Suffolk heritage brick maker cements reputation with national accolade

PUBLISHED: 16:58 28 November 2018 | UPDATED: 16:58 28 November 2018

Three generations of the Minter family, of Bulmer Brick & Tile Co: from left, Joss, David, Peter, Bart and Tony Picture: RICHARD DRURY

Three generations of the Minter family, of Bulmer Brick & Tile Co: from left, Joss, David, Peter, Bart and Tony Picture: RICHARD DRURY

Richard Drury

A Suffolk hand-made brick making family is surprised and delighted after scooping a national Historic England award for its unique contribution to restoring the UK’s precious heritage.

Bulmer Brick & Tile Company's yard  Picture: DARREN ANDREWSBulmer Brick & Tile Company's yard Picture: DARREN ANDREWS

The Minter family has been mining rich seams of London clay on the small farm for more than 80 years, and its bespoke bricks can be found on a host of ancient buildings.

The family business, Bulmer Brick & Tile, near Sudbury, took the Best Craftsperson or Apprentice on a Heritage Rescue or Repair Project title at the Historic England Angel Awards 2018 for its work on sites including Hampton Court Palace and the law courts at Lincoln’s Inn Fields in London. It was one of 15 finalists up for an award, including two others in its category.

Peter’s sons, Tony and David, and Tony’s wife, Ruth, and their children, Bart and Joss, are all involved in the business.

Ruth, who attended the awards ceremony at London’s Gillian Lynne Theatre on November 27 with son, Joss, said they were “really, really delighted”.

“I must admit it’s nice to hope you might win but we weren’t expecting to, so a lovely surprise,” she said. “I think it’s just lovely to be recognised because we plod away here in the clay all day. We are not very good at self-promotion, so it’s nice to be noticed really.”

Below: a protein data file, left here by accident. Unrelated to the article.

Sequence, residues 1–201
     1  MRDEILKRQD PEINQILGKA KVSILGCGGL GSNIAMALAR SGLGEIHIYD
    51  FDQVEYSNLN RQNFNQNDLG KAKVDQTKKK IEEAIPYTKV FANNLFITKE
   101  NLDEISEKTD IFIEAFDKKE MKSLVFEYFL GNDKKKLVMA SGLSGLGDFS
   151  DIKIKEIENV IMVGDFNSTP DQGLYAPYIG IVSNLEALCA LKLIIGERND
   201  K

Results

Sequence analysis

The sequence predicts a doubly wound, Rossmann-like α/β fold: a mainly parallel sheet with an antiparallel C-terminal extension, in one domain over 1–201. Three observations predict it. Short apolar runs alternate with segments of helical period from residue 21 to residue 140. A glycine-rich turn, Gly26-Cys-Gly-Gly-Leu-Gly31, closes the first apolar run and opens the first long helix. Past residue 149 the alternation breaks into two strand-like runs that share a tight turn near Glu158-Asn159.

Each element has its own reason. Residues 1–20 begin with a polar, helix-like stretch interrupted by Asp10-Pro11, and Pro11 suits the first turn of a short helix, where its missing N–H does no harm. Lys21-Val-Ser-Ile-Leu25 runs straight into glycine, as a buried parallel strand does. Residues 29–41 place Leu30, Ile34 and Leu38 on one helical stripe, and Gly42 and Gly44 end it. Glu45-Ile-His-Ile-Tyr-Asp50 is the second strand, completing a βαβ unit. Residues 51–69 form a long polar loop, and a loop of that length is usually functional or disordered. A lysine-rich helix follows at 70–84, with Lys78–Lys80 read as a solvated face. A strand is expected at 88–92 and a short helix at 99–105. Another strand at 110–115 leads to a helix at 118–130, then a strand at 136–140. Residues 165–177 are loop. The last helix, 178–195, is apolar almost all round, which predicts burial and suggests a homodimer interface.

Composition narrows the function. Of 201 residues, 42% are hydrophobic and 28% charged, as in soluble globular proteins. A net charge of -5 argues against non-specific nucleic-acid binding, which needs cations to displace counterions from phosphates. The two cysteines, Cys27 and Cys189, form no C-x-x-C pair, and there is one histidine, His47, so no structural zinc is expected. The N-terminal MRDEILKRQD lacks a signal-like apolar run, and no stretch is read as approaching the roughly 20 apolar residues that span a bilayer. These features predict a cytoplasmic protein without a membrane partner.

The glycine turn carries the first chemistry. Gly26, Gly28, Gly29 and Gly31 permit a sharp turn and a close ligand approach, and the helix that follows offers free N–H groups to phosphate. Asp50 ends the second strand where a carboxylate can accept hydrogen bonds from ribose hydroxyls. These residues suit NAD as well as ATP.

The family firm is headed by Peter Minter, now 84, whose extensive knowledge of the historic fabric of buildings has enabled the family to grow from a small firm matching bricks for individual customers to a thriving specialist business.

The work is very bespoke, and can involve producing anything from 180,000 to 250,000 bricks a year, but each to a specification so that they blend in with existing buildings. Specialist jobs include wall copings, each of which can weigh between 40 to 50kg.

Tony’s grandfather, Lawrence, bought the yard, which includes a 120-acre farm, in the late 1930s, and started the business. It’s now believed that brick-making existed there as far back as Roman times.

Adrian Saunders, commercial director at sponsors Ecclesiastical, congratulated the firm. “This award celebrates their craft skills and knowledge of historic buildings,” he said.

The judging panel included historian and awards host Bettany Hughes and composer Andrew Lloyd Webber, whose foundation supports the event.


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